Earlier this year, the U.S. Department of Transportation and Federal Aviation Administration announced 10 awardees for the UAS Integration Pilot Program, designed to explore ways to safely enable complex drone operations through state, local, and tribal governments with unmanned aircraft operators and industry partners.
AirMap is the UTM Service Supplier in six out of ten of the UAS IPP awards, specifically:
- Choctaw Nation of Oklahoma
- City of Reno
- City of San Diego
- Kansas Department of Transportation
- North Carolina Department of Transportation
- North Dakota Department of Transportation
Over the course of the three-year UAS IPP program, AirMap is working closely with these partners to enable complex commercial drone operations, such as package delivery, emergency response and recovery, public safety, journalism, inspections, and surveying, through AirMap’s UTM technology.
AirMap was selected as the UTM provider for six out of 10 UAS IPP awards, many of which successfully began initial operations last month.
Kansas: Precision Agriculture & Infrastructure Inspection
Kansas is no stranger to drone operations, having been the first U.S. state to roll out statewide UTM services a year ago in partnership with AirMap. Last week, the Kansas Department of Transportation and Salina’s Kansas State University Polytechnic initiated drone operations for two distinct use cases: precision agriculture, using remote sensing technology to improve farm yields, and long-line linear infrastructure inspections, inspecting pipelines, road networks, power lines, pipelines, and railroads for maintenance and repair. As part of the UAS IPP program, the state will also test industrial inspection use cases.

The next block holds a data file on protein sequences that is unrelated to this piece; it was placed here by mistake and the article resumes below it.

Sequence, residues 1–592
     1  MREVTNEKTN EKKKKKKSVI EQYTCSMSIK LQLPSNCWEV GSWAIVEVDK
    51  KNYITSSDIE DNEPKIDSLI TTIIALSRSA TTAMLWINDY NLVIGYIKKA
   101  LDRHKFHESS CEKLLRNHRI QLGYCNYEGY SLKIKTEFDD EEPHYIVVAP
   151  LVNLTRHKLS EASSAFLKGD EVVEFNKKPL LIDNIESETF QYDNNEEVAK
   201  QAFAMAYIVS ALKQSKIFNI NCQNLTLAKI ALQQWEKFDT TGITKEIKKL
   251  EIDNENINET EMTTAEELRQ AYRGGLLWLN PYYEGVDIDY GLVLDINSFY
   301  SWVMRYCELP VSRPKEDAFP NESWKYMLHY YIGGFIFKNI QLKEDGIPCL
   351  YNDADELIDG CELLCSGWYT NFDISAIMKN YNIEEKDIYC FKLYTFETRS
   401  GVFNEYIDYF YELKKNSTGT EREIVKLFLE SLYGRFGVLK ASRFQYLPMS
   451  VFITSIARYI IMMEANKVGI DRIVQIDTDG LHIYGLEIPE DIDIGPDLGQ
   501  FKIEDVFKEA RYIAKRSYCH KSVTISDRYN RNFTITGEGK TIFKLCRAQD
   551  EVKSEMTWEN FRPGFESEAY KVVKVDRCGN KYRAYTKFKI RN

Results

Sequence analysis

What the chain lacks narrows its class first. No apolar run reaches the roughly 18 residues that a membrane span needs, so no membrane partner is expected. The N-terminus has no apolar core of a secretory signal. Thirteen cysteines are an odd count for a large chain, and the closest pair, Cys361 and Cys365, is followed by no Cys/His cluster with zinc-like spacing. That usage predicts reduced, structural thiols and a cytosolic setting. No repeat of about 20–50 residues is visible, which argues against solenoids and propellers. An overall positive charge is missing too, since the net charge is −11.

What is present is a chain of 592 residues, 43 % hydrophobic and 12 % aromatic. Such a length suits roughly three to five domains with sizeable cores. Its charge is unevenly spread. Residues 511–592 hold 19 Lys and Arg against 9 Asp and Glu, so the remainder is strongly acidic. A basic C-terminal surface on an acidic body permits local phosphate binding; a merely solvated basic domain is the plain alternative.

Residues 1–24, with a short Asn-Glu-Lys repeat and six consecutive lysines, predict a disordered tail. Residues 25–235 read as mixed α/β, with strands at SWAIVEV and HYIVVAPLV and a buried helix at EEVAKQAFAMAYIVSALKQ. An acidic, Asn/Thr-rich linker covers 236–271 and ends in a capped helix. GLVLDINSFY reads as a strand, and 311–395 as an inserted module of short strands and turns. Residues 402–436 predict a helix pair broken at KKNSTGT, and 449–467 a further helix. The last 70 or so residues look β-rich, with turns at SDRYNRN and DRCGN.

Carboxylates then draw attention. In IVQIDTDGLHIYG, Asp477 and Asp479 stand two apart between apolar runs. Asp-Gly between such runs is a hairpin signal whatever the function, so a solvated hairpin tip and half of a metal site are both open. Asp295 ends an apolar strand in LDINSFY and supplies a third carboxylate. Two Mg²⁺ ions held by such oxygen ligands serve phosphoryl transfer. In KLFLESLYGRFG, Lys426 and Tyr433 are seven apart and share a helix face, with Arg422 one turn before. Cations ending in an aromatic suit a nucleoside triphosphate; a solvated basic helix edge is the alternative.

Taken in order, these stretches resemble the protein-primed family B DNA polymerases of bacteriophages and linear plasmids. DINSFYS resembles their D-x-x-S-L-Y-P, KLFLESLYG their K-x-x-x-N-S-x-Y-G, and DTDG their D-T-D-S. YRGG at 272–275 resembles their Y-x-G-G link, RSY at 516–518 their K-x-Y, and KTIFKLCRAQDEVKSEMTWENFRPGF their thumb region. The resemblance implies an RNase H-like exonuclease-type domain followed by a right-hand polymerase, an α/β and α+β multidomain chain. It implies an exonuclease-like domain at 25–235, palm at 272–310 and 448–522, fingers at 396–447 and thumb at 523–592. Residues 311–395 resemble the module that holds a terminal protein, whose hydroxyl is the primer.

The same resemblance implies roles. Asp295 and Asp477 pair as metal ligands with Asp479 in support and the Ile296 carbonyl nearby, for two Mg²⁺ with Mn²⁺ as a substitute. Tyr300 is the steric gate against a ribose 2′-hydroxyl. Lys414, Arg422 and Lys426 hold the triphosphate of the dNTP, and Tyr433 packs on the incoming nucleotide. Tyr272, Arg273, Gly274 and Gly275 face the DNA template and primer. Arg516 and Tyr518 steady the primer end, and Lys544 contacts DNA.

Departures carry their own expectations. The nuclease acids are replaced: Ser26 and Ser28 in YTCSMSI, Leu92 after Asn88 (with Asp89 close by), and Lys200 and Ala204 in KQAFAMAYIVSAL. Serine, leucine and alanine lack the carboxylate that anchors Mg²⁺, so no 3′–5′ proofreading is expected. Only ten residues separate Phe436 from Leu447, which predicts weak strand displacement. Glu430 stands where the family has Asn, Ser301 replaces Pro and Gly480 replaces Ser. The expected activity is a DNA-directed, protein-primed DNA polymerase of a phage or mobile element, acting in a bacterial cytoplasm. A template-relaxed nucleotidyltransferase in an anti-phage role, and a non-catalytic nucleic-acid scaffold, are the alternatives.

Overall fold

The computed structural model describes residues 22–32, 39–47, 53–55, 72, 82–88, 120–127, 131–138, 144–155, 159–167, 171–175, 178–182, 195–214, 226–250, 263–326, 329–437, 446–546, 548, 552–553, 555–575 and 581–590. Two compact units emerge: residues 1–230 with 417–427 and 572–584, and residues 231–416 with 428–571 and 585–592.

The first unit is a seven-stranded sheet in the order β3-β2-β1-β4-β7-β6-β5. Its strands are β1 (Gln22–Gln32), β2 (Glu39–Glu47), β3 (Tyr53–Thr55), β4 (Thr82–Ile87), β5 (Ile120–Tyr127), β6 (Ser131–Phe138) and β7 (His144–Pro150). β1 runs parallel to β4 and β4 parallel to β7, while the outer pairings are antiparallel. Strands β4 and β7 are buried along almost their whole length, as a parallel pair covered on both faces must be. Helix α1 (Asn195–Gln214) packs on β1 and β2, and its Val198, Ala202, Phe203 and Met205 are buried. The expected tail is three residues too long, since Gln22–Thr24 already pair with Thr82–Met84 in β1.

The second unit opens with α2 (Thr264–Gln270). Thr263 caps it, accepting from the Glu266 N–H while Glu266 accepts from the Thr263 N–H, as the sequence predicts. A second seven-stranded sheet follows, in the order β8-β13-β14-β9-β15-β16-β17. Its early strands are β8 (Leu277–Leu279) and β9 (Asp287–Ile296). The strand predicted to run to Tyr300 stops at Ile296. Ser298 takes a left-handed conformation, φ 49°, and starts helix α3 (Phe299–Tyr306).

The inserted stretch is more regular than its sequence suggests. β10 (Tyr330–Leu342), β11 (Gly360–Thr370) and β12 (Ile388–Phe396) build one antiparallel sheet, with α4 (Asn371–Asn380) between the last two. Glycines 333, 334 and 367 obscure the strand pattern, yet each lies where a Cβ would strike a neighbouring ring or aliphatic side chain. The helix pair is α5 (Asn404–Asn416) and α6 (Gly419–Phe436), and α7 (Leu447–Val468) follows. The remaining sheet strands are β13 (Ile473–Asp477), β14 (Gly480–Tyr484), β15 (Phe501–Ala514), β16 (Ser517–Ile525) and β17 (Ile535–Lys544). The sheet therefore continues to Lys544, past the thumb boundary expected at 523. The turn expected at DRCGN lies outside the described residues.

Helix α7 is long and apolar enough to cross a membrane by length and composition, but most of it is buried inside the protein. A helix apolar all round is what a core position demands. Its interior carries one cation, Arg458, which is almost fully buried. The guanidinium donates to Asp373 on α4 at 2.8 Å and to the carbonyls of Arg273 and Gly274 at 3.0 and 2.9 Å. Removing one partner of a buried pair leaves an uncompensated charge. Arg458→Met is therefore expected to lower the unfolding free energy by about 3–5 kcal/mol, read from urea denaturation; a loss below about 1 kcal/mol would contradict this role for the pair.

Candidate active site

“Kansas has a rich aviation history and the launch of the UAS IPP is another opportunity for our state to grow aviation and drive the advancement of UAS operations in national airspace,” said Lindsey Dreiling, KDOT Deputy Director of Aviation and UAS. “We are honored to partner with aviation leaders, such as AirMap, to enhance flight safety and pioneer the next frontier of aviation.”